Editor’s Note: This article contains some swearing.
I will never forgot the moment, the first time I watched The Lord of the Rings, when the Fellowship first appeared on screen and I snorted my drink in amusement at the sight of drag queen extraordinaire Mitzi Del Bra dressed as an elf. While most people are, I imagine, tickled to see Elrond in a dress the first time they watch today’s archive choice, I was unaware of the Hugo Weaving role in LOTR; for me, he will always be Antony “Tick” Belrose from Stephan Elliott’s 1994 comedy-drama-drag-musical The Adventures of Priscilla, Queen of the Desert.
From itsy-bitsy teeny-weeny budget cult movie to massively popular West End show, Priscilla is a camp classic that digs a little deeper under the surface layer of sequins, feathers and insane headpieces. For the uninitiated, a brief summary: Hugo Weaving, Guy Pearce and Terence Stamp are two drag queens and a transgender woman travelling across the Australian outback in a beat-up old bus they have christened Priscilla, Queen of the Desert. Their destination is Alice Springs, where Tick (Weaving) has secured, through a mysterious connection, a three week run performing their drag act at a casino hotel. En route they break down, dress up, rehearse their show and gradually wheedle out of Tick how exactly he scored the gig in the first place.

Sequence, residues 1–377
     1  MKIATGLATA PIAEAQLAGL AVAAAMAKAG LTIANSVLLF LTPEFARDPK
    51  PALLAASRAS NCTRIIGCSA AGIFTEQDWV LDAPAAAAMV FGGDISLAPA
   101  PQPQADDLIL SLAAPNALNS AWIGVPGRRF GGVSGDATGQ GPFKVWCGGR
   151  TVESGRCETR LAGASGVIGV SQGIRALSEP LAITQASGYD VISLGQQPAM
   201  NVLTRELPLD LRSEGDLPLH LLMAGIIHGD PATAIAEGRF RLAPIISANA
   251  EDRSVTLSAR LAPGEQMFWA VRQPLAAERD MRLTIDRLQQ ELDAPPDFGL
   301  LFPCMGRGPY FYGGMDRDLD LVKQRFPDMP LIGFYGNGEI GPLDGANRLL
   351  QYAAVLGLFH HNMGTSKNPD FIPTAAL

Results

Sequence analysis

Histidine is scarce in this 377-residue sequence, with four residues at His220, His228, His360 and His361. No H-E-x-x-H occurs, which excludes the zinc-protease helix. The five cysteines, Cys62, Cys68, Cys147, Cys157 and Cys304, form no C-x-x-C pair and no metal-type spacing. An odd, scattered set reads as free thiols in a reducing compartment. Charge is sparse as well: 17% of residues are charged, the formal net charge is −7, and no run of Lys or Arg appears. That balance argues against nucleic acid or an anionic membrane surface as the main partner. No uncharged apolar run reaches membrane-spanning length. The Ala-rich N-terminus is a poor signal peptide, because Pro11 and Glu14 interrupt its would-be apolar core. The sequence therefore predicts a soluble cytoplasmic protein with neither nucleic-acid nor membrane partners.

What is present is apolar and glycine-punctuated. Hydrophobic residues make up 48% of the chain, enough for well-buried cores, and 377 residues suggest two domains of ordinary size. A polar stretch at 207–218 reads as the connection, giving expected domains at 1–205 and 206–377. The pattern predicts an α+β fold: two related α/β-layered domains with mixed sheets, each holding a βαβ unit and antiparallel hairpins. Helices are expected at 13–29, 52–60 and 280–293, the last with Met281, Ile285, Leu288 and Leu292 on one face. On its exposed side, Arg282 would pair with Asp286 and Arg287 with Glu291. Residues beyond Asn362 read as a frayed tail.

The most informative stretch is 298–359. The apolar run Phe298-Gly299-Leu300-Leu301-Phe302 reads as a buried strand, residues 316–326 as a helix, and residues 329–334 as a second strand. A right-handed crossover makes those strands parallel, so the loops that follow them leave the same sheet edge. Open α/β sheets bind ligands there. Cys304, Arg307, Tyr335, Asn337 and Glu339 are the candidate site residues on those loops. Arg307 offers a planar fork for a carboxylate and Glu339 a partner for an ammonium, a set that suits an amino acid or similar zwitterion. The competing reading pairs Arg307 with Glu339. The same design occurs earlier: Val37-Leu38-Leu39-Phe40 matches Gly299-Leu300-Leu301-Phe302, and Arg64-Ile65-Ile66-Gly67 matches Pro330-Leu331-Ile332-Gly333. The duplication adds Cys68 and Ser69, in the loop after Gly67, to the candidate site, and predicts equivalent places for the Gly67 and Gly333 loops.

One of the principle joys of Priscilla is its razor-sharp script, with ice-cold repostes and zingy one-liners dished out ten to the dozen. I have tried several times to count the number of fucks, shits and sundry other cusses, but to no avail. You just lose track. The only way to watch this film is to give yourself in to it completely, to just enjoy the madness. The road trip is a perfect vehicle, as in so many movies, for a look at issues around family and identity, but Priscilla stops short of descending into mushy sentimentality, another perfectly timed dick joke or Abba story there to bring it back down to earth. Where, for the most part, it stays. The costumes may be outrageous, the music fabulous and the jokes bitchy and hilarious, but at its heart Priscilla is a grounded tale of three friends who have an adventure and learn a bit about life in the process. Simple.
I have teased my aged Dad in the past that although he thinks he’s ok with gay cinema, that’s only when the stereotypes are easy to read – he loves Priscilla and La Cage aux Folles, but Brokeback Mountain made him uncomfortable. But although Priscilla is definitely a stereotypical gay film in certain respects, it doesn’t have to be defined by that label. It’s campy, drag show setting has undoubtedly helped it cross over into more mainstream territory, but it is largely an uncompromising film, far from the trite cliché it could have been. I hesitated slightly to write about it for this feature, given that it’s not quite twenty years old, but its cult status and the themes that run through the movie make it always worth revisiting. Camp and superficial in places it may be, but underneath there beats a heart of gold (lamé).